The spring marches on – the past week may have been cold, but the daffodils keep creeping north. Watch out, Kate D! for they are coming for you.
Crocuses at Magdalen College. It has been both quiet and very busy couple of weeks. Many exciting things happening – I have planned travels, bought tickets, heard wonderful music, met people, fallen in love with old friends all over again, been inspired and exhausted. Holidays are so close I can smell them, and my head is heavy from lack of sleep. So many things to look forward to! and summer is just one of them.
My secret place. I love this cemetery (I know, I know); it’s a small haven of quiet in the middle of the city, and has the best flowers of any season – a carpet of snowdrops in February, awash with cowparsley and bluebells in May. And there is a lilac tree in the shadow.
Another visit to the butterflies of the Natural History Museum…
…and a day out with a friend. The pie lunch was a sweet, delicious mistake.
The Port Meadow lake is gone, and I miss its shining waters.
Read about my “interesting” visit to Stratford-upon-Avon and about my Shakespeare project in here.
Spring daffodil. The tulip season is over, so my flat now smells of daffodils. They such cheerful, almost vulgar flowers, full of sunshine and completely unrepentant.
More January tulips. The season is nearly over, sadly.
I had my birthday in February, and a good friend took me out for tea to celebrate, as well as giving me a a cushion she had made, all wrapped in bunting. So, so lovely!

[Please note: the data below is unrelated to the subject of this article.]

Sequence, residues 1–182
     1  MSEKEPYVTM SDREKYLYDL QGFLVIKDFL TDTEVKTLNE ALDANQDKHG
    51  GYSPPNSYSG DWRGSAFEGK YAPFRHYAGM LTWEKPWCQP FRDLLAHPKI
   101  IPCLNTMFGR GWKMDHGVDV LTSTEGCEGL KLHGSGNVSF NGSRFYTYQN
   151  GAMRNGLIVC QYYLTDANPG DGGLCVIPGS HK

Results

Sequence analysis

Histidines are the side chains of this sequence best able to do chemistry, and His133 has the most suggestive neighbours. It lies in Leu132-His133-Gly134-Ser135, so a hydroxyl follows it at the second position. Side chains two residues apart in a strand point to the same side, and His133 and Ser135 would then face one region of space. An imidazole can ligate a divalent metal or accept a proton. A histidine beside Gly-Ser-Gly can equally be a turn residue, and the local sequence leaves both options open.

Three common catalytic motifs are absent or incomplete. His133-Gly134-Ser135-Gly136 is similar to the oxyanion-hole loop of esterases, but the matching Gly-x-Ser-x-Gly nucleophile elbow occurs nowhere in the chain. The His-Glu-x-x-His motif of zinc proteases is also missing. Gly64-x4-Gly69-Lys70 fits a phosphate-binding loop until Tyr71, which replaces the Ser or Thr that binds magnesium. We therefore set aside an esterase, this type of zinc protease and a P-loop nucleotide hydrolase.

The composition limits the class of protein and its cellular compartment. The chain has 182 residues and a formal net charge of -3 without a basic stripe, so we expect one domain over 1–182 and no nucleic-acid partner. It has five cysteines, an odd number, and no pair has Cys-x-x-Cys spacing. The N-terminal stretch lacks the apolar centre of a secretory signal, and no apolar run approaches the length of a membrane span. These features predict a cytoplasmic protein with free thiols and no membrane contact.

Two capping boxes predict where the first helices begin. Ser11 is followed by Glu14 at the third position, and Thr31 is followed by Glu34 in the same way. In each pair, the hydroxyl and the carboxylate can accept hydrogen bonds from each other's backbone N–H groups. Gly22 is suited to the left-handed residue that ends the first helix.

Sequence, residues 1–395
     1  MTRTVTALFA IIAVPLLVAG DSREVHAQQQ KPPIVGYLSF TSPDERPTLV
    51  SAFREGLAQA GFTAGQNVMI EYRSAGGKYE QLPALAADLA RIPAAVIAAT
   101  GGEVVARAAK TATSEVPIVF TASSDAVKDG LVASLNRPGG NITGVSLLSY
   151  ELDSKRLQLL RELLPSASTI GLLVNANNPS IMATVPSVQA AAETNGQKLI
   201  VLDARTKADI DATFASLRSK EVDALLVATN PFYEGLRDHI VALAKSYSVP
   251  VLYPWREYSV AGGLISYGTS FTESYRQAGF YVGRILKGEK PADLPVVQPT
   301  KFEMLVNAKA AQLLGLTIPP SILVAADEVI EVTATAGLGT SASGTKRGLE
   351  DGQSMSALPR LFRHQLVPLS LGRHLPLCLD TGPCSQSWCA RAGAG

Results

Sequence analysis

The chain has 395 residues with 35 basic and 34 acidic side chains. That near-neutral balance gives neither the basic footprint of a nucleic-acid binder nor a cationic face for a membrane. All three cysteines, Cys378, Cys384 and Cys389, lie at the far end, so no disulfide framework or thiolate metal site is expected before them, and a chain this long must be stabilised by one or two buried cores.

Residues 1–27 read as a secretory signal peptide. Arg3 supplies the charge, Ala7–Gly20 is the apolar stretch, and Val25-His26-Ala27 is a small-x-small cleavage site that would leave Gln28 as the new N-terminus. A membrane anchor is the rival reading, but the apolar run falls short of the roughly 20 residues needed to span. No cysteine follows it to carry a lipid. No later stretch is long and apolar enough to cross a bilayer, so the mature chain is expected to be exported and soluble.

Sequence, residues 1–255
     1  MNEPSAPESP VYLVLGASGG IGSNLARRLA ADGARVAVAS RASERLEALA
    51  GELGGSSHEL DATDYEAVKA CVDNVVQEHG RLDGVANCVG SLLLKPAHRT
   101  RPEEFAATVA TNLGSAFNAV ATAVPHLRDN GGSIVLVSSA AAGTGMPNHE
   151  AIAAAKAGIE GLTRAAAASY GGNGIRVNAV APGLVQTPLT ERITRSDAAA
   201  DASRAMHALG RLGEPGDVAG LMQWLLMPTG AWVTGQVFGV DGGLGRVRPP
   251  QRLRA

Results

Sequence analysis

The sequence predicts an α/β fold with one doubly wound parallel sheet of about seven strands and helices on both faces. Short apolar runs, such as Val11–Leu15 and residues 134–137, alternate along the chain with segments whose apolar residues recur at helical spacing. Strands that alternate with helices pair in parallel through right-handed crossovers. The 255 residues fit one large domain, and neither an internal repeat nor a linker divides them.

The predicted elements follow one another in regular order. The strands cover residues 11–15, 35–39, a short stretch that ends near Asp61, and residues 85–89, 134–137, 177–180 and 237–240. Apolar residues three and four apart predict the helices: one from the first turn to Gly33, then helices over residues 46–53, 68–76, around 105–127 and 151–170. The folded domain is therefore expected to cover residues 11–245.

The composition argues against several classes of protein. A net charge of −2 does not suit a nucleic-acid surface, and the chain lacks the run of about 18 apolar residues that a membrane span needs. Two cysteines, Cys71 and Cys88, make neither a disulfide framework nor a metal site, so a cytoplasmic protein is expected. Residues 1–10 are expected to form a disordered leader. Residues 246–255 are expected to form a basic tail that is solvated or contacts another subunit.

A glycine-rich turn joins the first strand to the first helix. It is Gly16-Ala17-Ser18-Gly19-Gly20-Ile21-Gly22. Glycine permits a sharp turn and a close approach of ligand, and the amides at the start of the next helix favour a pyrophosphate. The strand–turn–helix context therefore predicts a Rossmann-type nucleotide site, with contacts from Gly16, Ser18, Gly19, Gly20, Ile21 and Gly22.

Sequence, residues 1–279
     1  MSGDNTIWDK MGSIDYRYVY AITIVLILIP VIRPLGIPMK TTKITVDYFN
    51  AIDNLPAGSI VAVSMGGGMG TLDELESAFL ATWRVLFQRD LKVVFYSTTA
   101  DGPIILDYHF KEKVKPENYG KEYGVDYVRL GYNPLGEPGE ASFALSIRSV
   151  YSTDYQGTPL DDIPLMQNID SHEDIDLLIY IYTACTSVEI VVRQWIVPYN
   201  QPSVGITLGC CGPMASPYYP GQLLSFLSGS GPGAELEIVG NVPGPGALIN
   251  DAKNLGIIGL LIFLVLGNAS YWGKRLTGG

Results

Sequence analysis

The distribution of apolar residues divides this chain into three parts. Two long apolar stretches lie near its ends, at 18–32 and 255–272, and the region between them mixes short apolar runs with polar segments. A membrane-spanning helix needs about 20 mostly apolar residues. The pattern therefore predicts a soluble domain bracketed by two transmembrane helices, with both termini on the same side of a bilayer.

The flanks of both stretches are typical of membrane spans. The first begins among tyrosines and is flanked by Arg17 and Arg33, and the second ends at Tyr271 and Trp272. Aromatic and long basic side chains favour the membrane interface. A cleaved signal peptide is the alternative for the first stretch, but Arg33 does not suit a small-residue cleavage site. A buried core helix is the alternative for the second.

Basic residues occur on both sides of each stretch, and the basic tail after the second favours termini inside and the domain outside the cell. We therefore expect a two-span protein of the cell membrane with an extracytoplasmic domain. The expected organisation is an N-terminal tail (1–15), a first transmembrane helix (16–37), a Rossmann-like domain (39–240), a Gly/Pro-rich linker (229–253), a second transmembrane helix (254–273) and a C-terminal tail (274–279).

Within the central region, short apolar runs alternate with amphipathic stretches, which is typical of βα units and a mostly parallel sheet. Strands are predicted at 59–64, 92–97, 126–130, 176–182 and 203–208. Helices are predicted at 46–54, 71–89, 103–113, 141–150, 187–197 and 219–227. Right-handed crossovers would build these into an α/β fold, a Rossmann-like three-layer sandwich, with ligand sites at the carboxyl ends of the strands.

Cake and sparklers – I don’t usually have birthday parties these days, but this year I joined forces with a pair of my fellow knitwits for a celebration.
What I in theory did during the half term.
What I really did during the half term – the Natural History Museum in Oxford opened mid-February, and I was glad to be back there, after year and half (or so) of closure. I have missed the dodo.
I have really missed the dodo.
And the butterfly collections.
See previous post for my glorious day out at the Port Meadow. After half term, the floods were mostly gone at least in the town centre; even the Madgalen College water meadow was dry, meaning these shining waters don’t have long left now.
How do I love thee, Jericho? Let me count the ways. This area is due for a major redevelopment, and while it will no doubt make it nice and raise the profile of the area, a litte bit of me is sad to see this rather gothic backyard of Oxford to turn into a slick and modern community centre. The slightly run-down area around the St Barnabas church is one of my favourite places in Oxford, and one that really has a unique feel to it; I often go there to be inspired, and fear this feel will be lost when it’s all rebuilt.
Still loving my L.L. Bean hunting boots.
Last few weeks have been exceptionally busy professionally for me, so a night of swing dancing and champagne with friends was a welcome break.
A friend is in Merton College, and on Saturday we headed to Sheldonian for Merton’s 750th anniversary shinding. Elgar’s Dream of Gerontius was a slightly baffling choice for the occasion, in all its Victorian glories, but the piece has some beautiful music – not least the finale with the Angel and the chorus, my eternal girl crush Sarah Connolly holding an audience of a couple thousand in her grip. Such a beautiful voice, such a beautiful woman, such power of interpretation.
Spring or not, the sky is already still light when I live work now. Huge relief after a bleak, bleak winter.